Caring for someone with COVID-19

Despite your best efforts to prevent illness from COVID-19, you or your family members may still catch the virus and experience symptoms. In most cases, you can care for a person with COVID-19 at home without seeing a physician or visiting an emergency department. Make plans in advance so your family is prepared to manage symptoms until recovery if someone in your household contracts COVID-19.

People with COVID-19 who are at high risk of serious illness may be able to access Paxlovid.

Learn more

Designate a Caregiver 

Ideally, only one person should provide care to someone who has tested positive. If possible, the caregiver should be fully vaccinated. The caregiver should not be someone who is at high risk of developing severe illness from COVID-19, including older adults or people with a chronic medical condition.

Advice to reduce the risk of spreading COVID-19 among household members:

  • Designate one (1) caregiver
  • Keep all interactions brief and maintain distance as much as possible.
  • Wear a well-fitted mask and eye protection when providing direct care. The person who tested positive should also wear a mask when receiving care or when they briefly need to access a common space in the home. If possible, avoid activities with the person you are caring for such as eating meals, playing games, sitting or cuddling or watching television together.
  • Sleep in a separate room or in separate beds from the person you are caring for. If separate beds are not possible, position yourselves head-to-toe to keep as far away from one another as possible.
  • Use a separate washroom from the person you are caring for. If not possible, open the window, put the toilet lid down before flushing and clean and disinfect surfaces and objects the person you’re caring for has touched after each use.
  • Keep a list of important contact numbers accessible for people who can support you if your symptoms worsen household during isolation. This includes:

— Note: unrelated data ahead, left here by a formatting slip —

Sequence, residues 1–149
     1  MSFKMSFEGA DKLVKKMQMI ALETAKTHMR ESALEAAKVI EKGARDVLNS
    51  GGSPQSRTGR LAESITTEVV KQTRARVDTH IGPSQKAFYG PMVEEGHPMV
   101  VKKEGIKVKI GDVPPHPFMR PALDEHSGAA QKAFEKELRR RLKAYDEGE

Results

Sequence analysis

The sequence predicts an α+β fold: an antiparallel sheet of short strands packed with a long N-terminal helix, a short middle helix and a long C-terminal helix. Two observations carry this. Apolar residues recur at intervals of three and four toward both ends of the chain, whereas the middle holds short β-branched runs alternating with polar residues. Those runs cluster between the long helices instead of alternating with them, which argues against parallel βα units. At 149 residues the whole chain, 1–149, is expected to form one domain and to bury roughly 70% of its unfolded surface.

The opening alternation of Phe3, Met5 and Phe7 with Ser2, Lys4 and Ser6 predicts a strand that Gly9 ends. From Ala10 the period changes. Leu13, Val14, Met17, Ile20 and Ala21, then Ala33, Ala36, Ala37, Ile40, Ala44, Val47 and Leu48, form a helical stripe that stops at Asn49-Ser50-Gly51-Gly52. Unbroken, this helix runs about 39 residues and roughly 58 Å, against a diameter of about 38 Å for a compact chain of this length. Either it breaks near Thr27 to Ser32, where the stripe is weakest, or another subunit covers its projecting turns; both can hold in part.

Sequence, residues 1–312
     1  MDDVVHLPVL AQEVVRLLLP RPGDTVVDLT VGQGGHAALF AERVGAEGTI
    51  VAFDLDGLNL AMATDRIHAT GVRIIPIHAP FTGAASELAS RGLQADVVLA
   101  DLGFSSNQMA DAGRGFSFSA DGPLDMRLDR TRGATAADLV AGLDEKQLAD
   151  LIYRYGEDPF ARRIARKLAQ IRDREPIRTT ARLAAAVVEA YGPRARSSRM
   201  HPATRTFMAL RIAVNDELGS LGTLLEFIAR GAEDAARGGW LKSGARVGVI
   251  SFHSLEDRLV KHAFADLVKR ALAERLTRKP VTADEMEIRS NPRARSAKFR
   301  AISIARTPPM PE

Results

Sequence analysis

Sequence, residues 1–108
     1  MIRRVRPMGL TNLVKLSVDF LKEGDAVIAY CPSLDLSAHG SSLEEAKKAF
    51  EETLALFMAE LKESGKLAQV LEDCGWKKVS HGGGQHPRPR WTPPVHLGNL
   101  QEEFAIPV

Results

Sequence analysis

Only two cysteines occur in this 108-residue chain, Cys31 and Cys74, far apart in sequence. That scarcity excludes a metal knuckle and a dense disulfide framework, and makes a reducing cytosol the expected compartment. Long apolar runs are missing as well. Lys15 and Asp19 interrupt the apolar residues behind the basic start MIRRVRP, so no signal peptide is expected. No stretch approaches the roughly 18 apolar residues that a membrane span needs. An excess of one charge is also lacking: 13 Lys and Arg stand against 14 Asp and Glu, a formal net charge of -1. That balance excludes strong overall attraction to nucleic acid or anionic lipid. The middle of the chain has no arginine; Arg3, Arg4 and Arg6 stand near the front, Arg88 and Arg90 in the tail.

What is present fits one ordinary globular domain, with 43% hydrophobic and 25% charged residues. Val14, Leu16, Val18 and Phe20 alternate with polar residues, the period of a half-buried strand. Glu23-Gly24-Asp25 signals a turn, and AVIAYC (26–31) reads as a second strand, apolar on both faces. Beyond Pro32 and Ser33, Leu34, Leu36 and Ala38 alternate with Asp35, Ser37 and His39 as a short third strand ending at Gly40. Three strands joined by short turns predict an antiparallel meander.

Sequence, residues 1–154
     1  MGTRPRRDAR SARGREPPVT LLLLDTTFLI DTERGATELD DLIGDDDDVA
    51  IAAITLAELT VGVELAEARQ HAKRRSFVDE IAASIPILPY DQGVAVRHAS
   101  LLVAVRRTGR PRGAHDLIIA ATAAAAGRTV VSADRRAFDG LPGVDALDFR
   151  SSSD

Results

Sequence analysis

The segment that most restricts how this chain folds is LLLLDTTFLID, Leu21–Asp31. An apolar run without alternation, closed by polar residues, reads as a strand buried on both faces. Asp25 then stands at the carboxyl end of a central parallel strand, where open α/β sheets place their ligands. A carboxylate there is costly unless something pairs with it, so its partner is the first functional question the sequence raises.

• Family, friends or community contacts to run errands or drop off supplies.
    • Medical contacts such as your primary care practitioner, local pharmacy, Tele-Care 811 and 911.

Discuss shared decision-making responsibilities in advance, such as custody and care agreements. If a child has COVID-19, it is advised that they stay in one home until better. Make a plan for who will take care of your children if you are feeling too unwell to care for them yourself.


Keep supplies on hand

Stock up on supplies to help manage symptoms and medical needs, including:

  • tissues;
  • hand sanitizer;
  • a thermometer;
  • Ibuprofen (Advil or Motrin) and/or acetaminophen (Tylenol or Tempra) for the different age groups in your home;
  • an oral electrolyte solution (i.e. Pedialyte, Gastrolyte or Gatorade); and
  • saline nose drops or spray for babies.

To protect the caregiver and to prevent transmission in the home, ensure you have well-fitted masks (preferably a three-layer mask or medical mask),  eye protection (goggles or face shield that is worn with a mask), and cleaners and disinfectants for frequently touched items such as light switches, doorknobs, remotes controls, common areas and other items touched by the person who has tested positive.


Advice for people with COVID-19 symptoms

  • Stay well rested and drink fluids frequently to stay hydrated. Babies can continue to breastfeed and/or formula feed. Children and adults can drink their preferred fluids. If vomiting develops, switch to an electrolyte solution instead.
  • A fever or discomfort can be treated with non-prescription medication like Ibuprofen (Advil or Motrin) and/or acetaminophen (Tylenol or Tempra).
  • Use a humidifier or steam from a hot shower to ease a cough or sore throat.
  • Keep a supply of easy-to-prepare food on hand.


When to get help

Monitor for symptoms in yourself, the person you are caring for and others in the household. If symptoms develop in household members other than the person who first tested positive, they should get tested as well.

If symptoms worsen, or if you do not notice improvement after five or six days, call your primary care provider or Tele-Care 811.

Do not leave your home to go to a walk-in clinic or health facility unless advised by a health-care professional.

Be aware of worrisome signs to watch out for that indicate immediate help is needed. Call 911 if you notice:

  • significant difficulty breathing;
  • chest pain or pressure;
  • new onset of confusion; or
  • difficulty waking up.

Make sure you let 911 and the hospital know that you or the person you’re caring for has symptoms or has tested positive for COVID-19.

Reporting your positive rapid POCT

Register your positive result online to help us understand the level of circulating illness.

Point of Care Testing – Positive Result Self Reporting

A positive POCT is a positive case of COVID-19. If you have a positive rapid POCT follow the advice on What to do if you have COVID-19.